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Osro Cobb was a lawyer who, as state chairman of the Republican Party, helped establish a real two-party political system in Arkansas. He was U.S. district attorney for the Eastern District of Arkansas during the 1957 desegregation crisis at Central High School in Little Rock (Pulaski County). He was also appointed to the Arkansas Supreme Court by Governor Orval Faubus in 1966, becoming the first Republican to hold a position on the court since 1874.
Osro Cobb was born near Hatton (Polk County) on May 28, 1904, to Philander Cobb, a businessman in the lumber industry, and Ida Sublette Cobb, a writer, poet, playwright, and songwriter; he had two brothers. Cobb’s family relocated frequently due to his father’s business dealings, moving to Womble (later called Norman), and, later, Caddo Gap, both in Montgomery County, where Cobb and his brothers grew up. Cobb frequently followed his father to work as a child and took an interest in the family business.
In the fall of 1920, he entered Henderson-Brown College. While in college, Cobb arrived at a conviction that increased political competition from a strong Republican Party would earn Arkansas more attention from presidential candidates during elections and thus improve the state’s economic and political fortunes. He graduated with a BA and a BS in the spring of 1925.
In 1926, Cobb ran as a Republican and was elected as Montgomery County’s representative to the Arkansas House of Representatives. He served for two terms. During this time, he attended what is now the University of Arkansas at Little Rock William H. Bowen School of Law. Cobb received his LLB degree and was admitted to practice law before the Arkansas Supreme Court on July 8, 1929. Several senior partners at his employer—the Little Rock firm Campbell, Mallory, and Throgmorton—were Republicans. Through these connections, Cobb was appointed assistant U.S. attorney while continuing to practice law privately (at the time, this was not considered a conflict of interest). In 1932, Cobb became chairman of the Arkansas Republican Party. He held that position until 1955.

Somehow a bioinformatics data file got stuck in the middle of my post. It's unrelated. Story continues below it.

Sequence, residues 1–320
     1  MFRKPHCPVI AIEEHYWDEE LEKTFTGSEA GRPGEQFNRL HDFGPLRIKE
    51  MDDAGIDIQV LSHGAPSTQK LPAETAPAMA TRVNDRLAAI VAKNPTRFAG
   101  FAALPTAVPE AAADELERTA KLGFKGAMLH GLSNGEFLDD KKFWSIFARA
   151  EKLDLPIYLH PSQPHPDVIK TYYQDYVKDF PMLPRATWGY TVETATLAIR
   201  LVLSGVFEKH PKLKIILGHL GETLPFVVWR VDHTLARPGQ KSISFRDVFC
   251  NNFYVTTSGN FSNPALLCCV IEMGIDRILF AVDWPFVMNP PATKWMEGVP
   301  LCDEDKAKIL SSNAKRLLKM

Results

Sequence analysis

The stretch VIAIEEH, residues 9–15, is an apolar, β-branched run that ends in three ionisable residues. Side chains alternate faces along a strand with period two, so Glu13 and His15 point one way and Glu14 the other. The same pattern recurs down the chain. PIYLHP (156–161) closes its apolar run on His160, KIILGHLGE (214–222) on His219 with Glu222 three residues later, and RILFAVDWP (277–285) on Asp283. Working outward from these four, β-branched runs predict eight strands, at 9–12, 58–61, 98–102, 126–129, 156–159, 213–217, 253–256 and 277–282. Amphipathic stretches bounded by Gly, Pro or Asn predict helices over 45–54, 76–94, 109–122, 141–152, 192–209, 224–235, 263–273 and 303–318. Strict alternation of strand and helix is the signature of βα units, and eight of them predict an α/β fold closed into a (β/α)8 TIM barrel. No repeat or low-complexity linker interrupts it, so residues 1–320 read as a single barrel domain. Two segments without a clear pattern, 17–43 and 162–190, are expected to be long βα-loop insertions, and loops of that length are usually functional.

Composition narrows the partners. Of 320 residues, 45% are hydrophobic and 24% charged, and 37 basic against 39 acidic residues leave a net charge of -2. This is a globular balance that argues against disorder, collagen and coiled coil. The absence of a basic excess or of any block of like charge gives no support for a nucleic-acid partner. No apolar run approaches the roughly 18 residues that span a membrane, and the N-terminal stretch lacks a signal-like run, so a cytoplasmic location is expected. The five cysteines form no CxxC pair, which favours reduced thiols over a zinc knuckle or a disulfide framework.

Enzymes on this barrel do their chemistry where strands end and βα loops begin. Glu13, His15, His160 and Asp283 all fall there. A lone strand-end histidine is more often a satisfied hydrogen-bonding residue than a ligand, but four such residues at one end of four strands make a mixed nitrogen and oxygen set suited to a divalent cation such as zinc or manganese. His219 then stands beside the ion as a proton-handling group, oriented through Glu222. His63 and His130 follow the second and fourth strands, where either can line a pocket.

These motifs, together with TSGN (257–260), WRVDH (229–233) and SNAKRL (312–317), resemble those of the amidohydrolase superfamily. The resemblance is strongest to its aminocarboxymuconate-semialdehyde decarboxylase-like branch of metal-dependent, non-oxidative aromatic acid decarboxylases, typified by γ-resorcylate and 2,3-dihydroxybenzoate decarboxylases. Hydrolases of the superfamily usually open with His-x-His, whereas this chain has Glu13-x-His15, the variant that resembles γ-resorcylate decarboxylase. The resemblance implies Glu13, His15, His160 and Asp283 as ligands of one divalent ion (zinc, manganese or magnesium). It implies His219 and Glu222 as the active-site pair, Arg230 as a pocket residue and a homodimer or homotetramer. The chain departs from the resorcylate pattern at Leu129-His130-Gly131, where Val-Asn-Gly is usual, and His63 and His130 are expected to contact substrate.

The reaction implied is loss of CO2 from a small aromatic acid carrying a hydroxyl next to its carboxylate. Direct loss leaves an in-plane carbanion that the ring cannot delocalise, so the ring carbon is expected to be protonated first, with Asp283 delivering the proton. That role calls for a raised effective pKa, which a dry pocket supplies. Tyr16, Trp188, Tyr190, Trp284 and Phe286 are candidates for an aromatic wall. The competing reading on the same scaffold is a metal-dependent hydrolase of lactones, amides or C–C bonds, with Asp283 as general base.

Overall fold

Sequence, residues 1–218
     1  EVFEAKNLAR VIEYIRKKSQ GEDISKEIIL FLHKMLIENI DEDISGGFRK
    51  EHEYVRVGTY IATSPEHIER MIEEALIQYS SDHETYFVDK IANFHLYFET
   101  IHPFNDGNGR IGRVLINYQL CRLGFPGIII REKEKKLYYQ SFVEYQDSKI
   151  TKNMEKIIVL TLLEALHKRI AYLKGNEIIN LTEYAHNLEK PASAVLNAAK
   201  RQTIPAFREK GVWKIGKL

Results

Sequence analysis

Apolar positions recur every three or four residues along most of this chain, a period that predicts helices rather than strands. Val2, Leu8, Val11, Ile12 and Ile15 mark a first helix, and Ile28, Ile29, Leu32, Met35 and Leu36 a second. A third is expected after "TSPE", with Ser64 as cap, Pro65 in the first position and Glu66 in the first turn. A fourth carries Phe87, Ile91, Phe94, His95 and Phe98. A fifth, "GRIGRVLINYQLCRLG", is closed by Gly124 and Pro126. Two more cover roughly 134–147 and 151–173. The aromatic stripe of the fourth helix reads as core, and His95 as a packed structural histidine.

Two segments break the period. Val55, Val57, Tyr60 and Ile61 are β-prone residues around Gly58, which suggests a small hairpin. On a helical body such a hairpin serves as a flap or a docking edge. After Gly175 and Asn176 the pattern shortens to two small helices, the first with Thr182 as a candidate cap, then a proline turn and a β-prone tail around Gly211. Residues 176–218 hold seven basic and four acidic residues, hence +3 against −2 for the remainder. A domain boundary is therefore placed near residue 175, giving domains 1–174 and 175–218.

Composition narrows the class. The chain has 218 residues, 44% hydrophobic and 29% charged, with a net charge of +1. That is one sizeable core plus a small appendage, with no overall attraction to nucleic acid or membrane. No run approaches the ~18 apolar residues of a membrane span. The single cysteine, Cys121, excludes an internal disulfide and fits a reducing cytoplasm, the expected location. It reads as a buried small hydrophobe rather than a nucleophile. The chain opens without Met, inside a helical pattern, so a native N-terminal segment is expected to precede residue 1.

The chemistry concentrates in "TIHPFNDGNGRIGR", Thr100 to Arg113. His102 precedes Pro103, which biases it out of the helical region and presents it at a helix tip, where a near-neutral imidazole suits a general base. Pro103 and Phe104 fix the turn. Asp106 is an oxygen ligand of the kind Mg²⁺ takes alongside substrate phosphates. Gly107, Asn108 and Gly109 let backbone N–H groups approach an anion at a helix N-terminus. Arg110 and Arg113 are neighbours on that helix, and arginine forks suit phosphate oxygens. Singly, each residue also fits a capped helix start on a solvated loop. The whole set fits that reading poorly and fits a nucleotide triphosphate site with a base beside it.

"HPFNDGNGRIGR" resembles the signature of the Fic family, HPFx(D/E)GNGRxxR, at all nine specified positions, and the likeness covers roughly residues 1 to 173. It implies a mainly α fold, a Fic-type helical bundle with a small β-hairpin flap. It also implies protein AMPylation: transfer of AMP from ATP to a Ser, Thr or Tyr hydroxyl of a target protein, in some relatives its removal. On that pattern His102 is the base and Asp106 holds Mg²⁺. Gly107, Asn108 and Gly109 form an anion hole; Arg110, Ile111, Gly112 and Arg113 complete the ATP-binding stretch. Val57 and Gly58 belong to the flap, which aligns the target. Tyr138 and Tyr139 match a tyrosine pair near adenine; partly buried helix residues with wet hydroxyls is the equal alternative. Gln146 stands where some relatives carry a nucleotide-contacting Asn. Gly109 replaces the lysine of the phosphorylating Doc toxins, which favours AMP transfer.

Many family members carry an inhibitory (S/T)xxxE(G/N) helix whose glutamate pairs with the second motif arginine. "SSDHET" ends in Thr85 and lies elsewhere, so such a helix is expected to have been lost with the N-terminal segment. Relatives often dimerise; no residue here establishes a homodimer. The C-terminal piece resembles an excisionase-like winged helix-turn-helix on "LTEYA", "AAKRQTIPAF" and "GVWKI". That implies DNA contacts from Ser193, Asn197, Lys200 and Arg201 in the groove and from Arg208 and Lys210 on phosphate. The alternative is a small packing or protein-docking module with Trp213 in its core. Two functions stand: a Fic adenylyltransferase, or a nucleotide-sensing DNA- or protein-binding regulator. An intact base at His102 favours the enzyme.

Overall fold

In 1936, Cobb unsuccessfully ran for governor as a Republican against Democrat Carl Bailey. In the spring of 1938, Cobb met oil heiress Audrey Umsted while golfing, and they married on September 15, 1938. The Cobbs adopted one son. In the late 1930s, Cobb formed his own firm, Cobb, Cazort, and Holt, in Little Rock, but it was dissolved at the beginning of World War II.
In 1942, Cobb joined the U.S. Army Air Corps as a first lieutenant, eventually attaining the rank of lieutenant colonel. He worked as a judge advocate and a law officer for all courts-martial at Berry Field in Nashville, Tennessee, and later at Rosecrans Field in St. Joseph, Missouri. At Wright-Patterson Field in Dayton, Ohio, he worked on aircraft parts contracts for the Army Air Corps. He was discharged in 1946.
In 1946, Cobb returned to Little Rock and opened a firm with lawyer John E. Coates in the Pyramid Building. Cobb practiced law for various timber companies. He helped organize the Arkansas Wood Products Association, later renamed the Arkansas Forestry Association, and established himself in the oil business with the purchase of land leases for 300 acres of land near Smackover (Union County). With the help of former governor Sid McMath, Cobb helped to pass Initiated Act 3 of 1948, which guaranteed that a member of the minority party could work at each polling place.
In 1954, Cobb was appointed U.S. attorney for the Eastern District of Arkansas. During the desegregation crisis at Central High School in September 1957, Cobb gathered intelligence about the situation as it unfolded and communicated this information to the Federal Bureau of Investigation (FBI), the Department of Justice, and the White House. Cobb, along with Attorney General Herbert Brownell Jr., represented the government’s position in court against Governor Faubus, who opposed the desegregation of Little Rock schools on the grounds that it would lead to violence. In his memoirs, Cobb, using evidence from the FBI’s investigation, contended that violent threats from segregationists were overstated by Faubus’s office.
In late 1965, Faubus asked Cobb to fill a vacancy on the Arkansas Supreme Court after Justice Sam Robinson retired. On January 11, 1966, Cobb was sworn in. He served the remainder of Robinson’s term through 1966.
In the late 1960s, Cobb focused on his oil and timber interests. His first wife died in 1976. Later that year, he began dating Martha Jane Rebsamen, a longtime friend of the family, who also was recently widowed. They married on January 26, 1977.
Cobb published two editions of his autobiography, in 1989 and 1990. He died in Little Rock on January 18, 1996.
For additional information:Cobb, Osro. Osro Cobb of Arkansas: Memoirs of Historical Significance. Little Rock: Rose Publishing Company, 1989.
Osro Cobb Papers. Torreyson Library Special Collections. University of Central Arkansas, Conway, Arkansas.
Aaron W. RogersConway, Arkansas
Last Updated 3/12/2012
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